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How do we improve LSJ and other Greek dictionaries?

    A ending in a short syllable, A.D.Pron.50.24, Arc.192.20. Adv. -τως f.l. for -παραλήκτως (q.v.), Sch.Ar.Pl.1057, = Suid. s.v. παιδιά.
    II β. μέτρον, short by a foot, Heph.4.4, Aristid.Quint. 1.23:—hence βρᾰχῠ-καταληκτέω, to end so, Sch.Ar.Ra.317:—Subst. βρᾰχῠ-καταληξία, ἡ, such an ending, Heph. Poëm.5.

    A ending in a short syllable, A.D.Pron.50.24, Arc.192.20. Adv. βραχυκαταλήκτως = with the final syllable short, f.l. for βραχυπαραλήκτως (with short penult), Sch.Ar.Pl.1057, = Suid. s.v. παιδιά.
    II βραχυκατάληκτον μέτρον = metre which is short by a foot, Heph.4.4, Aristid.Quint. 1.23:—hence βραχυκαταληκτέω = end in a short syllable, Sch.Ar.Ra.317:—Subst. βραχυκαταληξία, ἡ, final short, Heph. Poëm.5.

In the above comparison you can see the differences in the entry for βραχυκατάληκτος before (Perseus version) and after editing. Note how the shorthand has been expanded (even standard Latin abbreviations are made transparent, i.e. f.l. and s.v. are linked) and how new translations have been added (i.e. βραχυκαταλήκτως = with the final syllable short) and others sanitized in a format that is clear and reversal friendly (i.e. from "to end so" to "end in a short syllable"). Also, if you see the revised entry, prosody is also indicated in the Full diacritics form and links have been added not only to Greek words but also to English translations. Perseus's links—due to the unsafe method of using prosody marks within the actual lemma content—are often broken (i.e. the βρα^χυ^-καταληκτέω link).

Now, multiply the above procedure to 130,000 or so LSJ entries (many of which are much more extensive and complex than the example cited here), as well as hundreds of thousands of entries from other dictionaries (a total of 50 million words), and you get an idea of the scope of this project (which, by the way, is not funded by anybody).

What is LSJ

The Liddell, Scott, Jones Ancient Greek Lexicon (LSJ) is perhaps the best known Ancient Greek-English dictionary. Here you can find a wiki implementation aiming to massively improve upon the dictionary resources in numerous ways like adding missing translations and expanding lexicographical shorthand into clarity among others.

Different types of transliterations and word forms were used, so that everyone is happy: Ancient Greek scholars, speakers of Modern Greek, people who prefer transliterated Greek or Beta Code.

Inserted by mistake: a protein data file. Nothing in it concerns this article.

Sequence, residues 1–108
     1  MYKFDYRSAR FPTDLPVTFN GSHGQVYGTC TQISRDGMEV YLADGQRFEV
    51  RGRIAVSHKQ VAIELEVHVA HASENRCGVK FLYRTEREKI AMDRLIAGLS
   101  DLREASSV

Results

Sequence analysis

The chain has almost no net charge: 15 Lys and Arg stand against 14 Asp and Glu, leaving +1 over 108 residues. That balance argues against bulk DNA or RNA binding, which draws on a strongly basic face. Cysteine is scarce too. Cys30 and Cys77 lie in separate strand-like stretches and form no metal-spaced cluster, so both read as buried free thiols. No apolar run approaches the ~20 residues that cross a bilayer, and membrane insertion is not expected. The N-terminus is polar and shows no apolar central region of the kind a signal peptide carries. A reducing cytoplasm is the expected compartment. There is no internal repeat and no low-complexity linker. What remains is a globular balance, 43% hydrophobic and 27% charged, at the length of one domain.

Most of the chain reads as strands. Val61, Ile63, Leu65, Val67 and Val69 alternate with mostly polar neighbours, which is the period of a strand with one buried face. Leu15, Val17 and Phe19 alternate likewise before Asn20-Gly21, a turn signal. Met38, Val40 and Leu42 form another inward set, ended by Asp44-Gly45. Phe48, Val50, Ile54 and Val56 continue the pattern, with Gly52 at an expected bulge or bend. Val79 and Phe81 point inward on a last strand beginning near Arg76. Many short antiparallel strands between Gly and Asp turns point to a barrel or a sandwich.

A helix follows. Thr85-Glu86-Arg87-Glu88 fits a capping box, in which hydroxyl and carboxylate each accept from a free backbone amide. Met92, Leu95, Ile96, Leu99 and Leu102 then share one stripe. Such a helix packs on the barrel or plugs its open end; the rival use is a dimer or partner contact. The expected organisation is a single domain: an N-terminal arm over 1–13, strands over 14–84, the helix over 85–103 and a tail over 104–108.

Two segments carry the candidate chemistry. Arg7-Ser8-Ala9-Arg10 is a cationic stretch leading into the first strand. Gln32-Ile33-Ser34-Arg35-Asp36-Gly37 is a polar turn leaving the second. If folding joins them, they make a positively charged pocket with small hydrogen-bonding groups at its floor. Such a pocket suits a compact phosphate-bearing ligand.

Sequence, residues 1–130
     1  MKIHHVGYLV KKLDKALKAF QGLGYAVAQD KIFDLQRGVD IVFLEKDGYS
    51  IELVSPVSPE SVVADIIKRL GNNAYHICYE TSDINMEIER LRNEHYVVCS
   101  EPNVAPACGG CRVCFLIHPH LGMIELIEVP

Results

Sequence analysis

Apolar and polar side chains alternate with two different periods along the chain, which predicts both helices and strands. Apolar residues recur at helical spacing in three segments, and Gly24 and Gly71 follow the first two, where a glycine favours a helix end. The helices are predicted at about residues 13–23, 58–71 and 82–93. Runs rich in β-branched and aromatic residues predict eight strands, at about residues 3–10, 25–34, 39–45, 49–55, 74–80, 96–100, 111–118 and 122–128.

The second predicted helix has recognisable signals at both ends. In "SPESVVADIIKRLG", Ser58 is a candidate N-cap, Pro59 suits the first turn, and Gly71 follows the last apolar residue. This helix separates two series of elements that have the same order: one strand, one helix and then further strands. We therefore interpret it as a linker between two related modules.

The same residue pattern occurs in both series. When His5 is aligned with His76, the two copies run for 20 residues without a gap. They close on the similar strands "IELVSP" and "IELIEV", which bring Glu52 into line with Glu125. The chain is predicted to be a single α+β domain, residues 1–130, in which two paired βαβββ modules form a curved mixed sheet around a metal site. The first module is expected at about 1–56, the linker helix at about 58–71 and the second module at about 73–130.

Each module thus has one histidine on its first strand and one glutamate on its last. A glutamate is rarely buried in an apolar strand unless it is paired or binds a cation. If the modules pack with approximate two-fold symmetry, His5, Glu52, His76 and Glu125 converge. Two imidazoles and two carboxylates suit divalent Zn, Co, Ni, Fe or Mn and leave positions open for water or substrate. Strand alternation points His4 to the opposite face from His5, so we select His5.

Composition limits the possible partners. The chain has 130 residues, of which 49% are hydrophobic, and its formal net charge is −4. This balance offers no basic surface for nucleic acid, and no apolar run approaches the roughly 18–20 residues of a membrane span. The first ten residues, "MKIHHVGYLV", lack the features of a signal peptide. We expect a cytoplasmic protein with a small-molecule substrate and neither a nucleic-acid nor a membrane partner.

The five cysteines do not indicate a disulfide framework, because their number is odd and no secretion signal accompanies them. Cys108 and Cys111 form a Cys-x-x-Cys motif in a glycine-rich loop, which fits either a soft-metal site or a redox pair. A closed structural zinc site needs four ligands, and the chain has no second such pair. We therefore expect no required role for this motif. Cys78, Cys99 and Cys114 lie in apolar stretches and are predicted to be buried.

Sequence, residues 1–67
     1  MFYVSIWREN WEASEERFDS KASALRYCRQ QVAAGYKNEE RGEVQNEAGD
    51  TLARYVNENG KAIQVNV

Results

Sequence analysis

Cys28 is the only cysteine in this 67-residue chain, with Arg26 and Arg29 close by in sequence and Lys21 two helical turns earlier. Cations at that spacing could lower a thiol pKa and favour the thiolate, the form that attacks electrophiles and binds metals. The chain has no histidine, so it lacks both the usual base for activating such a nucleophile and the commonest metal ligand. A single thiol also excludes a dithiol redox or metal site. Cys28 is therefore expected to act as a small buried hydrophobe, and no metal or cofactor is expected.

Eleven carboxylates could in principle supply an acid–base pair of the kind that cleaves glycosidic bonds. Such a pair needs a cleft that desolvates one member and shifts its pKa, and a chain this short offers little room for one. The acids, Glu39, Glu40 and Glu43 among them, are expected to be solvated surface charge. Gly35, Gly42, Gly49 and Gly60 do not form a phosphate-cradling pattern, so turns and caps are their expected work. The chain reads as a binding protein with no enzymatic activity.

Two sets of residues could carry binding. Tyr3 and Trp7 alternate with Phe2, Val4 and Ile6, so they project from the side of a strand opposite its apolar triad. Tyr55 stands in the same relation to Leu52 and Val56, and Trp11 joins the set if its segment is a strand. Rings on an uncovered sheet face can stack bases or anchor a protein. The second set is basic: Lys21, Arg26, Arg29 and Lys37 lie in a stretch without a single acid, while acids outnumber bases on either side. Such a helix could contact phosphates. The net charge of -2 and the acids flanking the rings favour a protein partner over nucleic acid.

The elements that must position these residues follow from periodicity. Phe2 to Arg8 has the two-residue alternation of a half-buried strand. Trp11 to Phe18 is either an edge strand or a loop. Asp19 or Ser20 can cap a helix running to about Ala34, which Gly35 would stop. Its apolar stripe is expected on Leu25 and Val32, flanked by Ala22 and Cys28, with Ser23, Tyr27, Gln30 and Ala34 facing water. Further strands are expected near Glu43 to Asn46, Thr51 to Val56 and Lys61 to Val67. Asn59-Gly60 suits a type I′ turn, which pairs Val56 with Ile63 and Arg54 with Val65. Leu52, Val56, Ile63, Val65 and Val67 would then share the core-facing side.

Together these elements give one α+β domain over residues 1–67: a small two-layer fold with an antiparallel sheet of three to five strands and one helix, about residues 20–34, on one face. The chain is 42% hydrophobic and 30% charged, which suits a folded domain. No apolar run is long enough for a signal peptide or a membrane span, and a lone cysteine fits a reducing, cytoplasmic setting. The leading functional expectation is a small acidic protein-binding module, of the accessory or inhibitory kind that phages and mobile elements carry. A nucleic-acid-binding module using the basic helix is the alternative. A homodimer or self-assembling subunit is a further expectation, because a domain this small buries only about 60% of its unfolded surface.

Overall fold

For example, you will get results on the search box no matter whether you type in polytonic Greek, monotonic Greek, Greek without any accents at all, or transliterated Greek. You can even add a search form on your web site or a quick search link on your browser.

Over time, the site was enriched with more content and languages as outlined below, turning it into a classics hub.

Bidirectional language pairs

  • Ancient GreekEnglish (LSJ ≈130,000 terms; Woodhouse digitized and edited is available for English to Ancient Greek—38,000+ terms—as well as a reversed version from Ancient Greek into English—≈17,000 terms; LSJ's reversal is under preparation)
  • Ancient GreekSpanish (reversal based on DGE—63,000+ Ancient Greek to Spanish terms; 81,000+ Spanish to Ancient Greek terms)
  • Ancient GreekDutch (reversal based on Mijnwoordenboek—≈17,000 Ancient Greek to Dutch terms; 22,000+ Dutch to Ancient Greek terms)
  • Ancient GreekRussian (reversal based on Dvoretsky's dictionary—≈70,000 terms per direction)
  • LatinGerman (Karl Ernst Georges)
  • Ancient GreekItalian (under preparation)

Unidirectional language pairs

  • Ancient Greek 🠒 French (Bailly abrégé—56,755 terms; Bailly 2021 and French to Ancient Greek under preparation)
  • Ancient Greek 🠒 German (Wilhelm Pape—105,019 terms; German to Ancient Greek under preparation)
  • Ancient Greek 🠒 Chinese (5,934 terms)
  • Ancient Greek 🠒 Modern Greek
  • Ancient Greek 🠒 Any language (200,000 terms)
  • Latin 🠒 English (Lewis and Short)
  • Latin 🠒 French (Gaffiot)
  • Hebrew 🠒 English (Strong)


  • 10/2022: 5,000 pages with Multilingual Translations section (containing from 5 to 500 languages), i.e. μύωψ, ἀποθνήσκω, ἀνίκητος, περισσός, κλέπτης, κλέπτω (note the synonymy for both English and Ancient Greek).
  • 10/2021: Double click on any word to look it up.
  • 5/2021: Bill Berg, the site's classics consultant, has passed away
  • 1/2021: Popups on mouseover, i.e. page previews when hovering over a link.
  • 12/2020: Implementation of a special theme for mobile devices with sections collapsed. Tapping on a section expands it.
  • 6/2020: Use a dark theme via a browser extension or browser/OS dark mode preference.
  • 5/2020: Woodhouse updates with further processing/linkification/corrections/reversal/errata started rolling out. Hebrew to English entries imported (13,674 pages) from Strong's Hebrew Dictionary.
  • 10/2019: First batch with 70,000 Russian to Ancient Greek entries imported. Try a search with Cyrillic characters.
  • 2019: Intensive work is being done in producing reverse versions (i.e. from other languages to Ancient Greek) of multiple ancient Greek dictionaries: LSJ (English), Bailly (French), Pape (German), and Dvoretski (Russian).
  • 2019 February: Site migrated to
  • 2018: Dictionaries have been added from Ancient Greek to Russian and Dutch. Also, from Dutch to Ancient Greek.
  • 2017: Many more dictionaries have been added from Ancient Greek to English, French, Spanish and German; also, now you can search from Latin to English, French and German, thus turning into a Classics Hub.